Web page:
Clean cloth / katas Knife Bowl 1 kg Radish tubers 1 L pure radish extract 250 ml of 1:2 proportions, extract to water 250 ml of 1:1 proportion 250 ml of 2:1 proportion Procedure: Prepare all the materials needed Collect one kg. of radish tubers Wash them to remove dirt Slice into small pieces Pound it by using a mortar and pestle Put in a clean cloth. Get the extract Add enough amount of water to the extract in a ration of 1:1, 1:2; and 2:1 respectively. Place each mixture in a sprayer bottle and applied into aphid, ant, worm affected sugar apple and guyabano plants. Try several trials to determine the more effective proportion. Record your observation.

RESULT AND DISCUSSION Table 1 Observation on the insecticidal effect of radish extract in certain pests Trial Proportion Volume Length of Number of Insects Extraction ML Application Worms Ants Aphids Mean 1 pure 250 10 10 10 all found in one fruit 2 2:1 250 10 10 10 all found in one fruit 10 3 1:1 250 10 10 10 all found in one fruit 10 4 1:2 250 10 10 10 all found in one fruit 10 Table 2 Insecticidal effect of radish extract Trial Number of Insects Killed Percentage Worms Ants 1 2 3 4 10 1 0 0 10 2 0 0 Aphids Worm Ants Aphids half none none none 100 10 0 0 100 20 0 0 50 0 0 0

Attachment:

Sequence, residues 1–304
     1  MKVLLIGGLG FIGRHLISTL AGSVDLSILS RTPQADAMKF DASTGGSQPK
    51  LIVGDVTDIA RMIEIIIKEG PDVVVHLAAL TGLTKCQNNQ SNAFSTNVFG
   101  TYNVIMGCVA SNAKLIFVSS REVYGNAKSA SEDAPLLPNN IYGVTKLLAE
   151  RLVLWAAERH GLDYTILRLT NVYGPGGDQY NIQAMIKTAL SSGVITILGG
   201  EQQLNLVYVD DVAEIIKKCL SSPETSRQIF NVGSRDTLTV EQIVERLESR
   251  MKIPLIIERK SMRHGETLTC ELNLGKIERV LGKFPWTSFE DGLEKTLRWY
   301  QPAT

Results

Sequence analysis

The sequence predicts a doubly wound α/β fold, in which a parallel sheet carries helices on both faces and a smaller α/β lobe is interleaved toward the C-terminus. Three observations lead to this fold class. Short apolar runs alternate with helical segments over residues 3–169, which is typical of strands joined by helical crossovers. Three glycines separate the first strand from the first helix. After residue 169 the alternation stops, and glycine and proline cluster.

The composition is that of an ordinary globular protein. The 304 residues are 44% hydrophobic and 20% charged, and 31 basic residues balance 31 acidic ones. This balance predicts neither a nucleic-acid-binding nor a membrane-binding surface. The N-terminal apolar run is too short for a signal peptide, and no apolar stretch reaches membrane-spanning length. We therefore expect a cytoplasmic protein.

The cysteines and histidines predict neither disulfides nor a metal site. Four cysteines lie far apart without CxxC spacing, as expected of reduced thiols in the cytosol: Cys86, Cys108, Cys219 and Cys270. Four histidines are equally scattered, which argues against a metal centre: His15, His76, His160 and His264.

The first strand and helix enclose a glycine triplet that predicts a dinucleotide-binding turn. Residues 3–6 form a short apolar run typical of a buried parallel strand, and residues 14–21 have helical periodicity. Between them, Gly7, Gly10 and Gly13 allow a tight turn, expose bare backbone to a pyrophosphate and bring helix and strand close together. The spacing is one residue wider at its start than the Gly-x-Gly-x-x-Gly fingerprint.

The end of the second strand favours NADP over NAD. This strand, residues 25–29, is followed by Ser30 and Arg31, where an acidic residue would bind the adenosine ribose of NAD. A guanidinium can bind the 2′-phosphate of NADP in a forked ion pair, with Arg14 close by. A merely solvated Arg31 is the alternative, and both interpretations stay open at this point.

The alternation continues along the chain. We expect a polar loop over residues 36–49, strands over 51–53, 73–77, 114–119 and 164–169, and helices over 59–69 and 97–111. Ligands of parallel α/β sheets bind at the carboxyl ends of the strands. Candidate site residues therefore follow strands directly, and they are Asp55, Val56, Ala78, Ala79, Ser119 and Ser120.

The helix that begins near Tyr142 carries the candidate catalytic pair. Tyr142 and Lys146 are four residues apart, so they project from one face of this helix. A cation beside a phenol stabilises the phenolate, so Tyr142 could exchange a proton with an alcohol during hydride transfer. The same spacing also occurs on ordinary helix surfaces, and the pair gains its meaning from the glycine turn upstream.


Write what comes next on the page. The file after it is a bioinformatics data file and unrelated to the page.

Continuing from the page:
Explanation

It reveals that pure radish extract is more effective rather that when water was added to it. It is 100% effective in worms and ants, and 50% effective in aphids. This shows that the radish extract is very effective in killing certain pests. Findings: After several experimentations, we found out that pure 100% radish extract when applied to aphid, worms, and ants is an effective pesticide. This pesticide can minimize the number of people who used chemical found and to affect our health and environment. Conclusion:

Based on the data gathered. We therefore conclude the following: 1. The radish extract can be used as pesticide. 2. Pure radish extract is effective in killing certain pests.

Recommendation: We recommended a more experimentations about radish extract must be done to improve the quality of the product.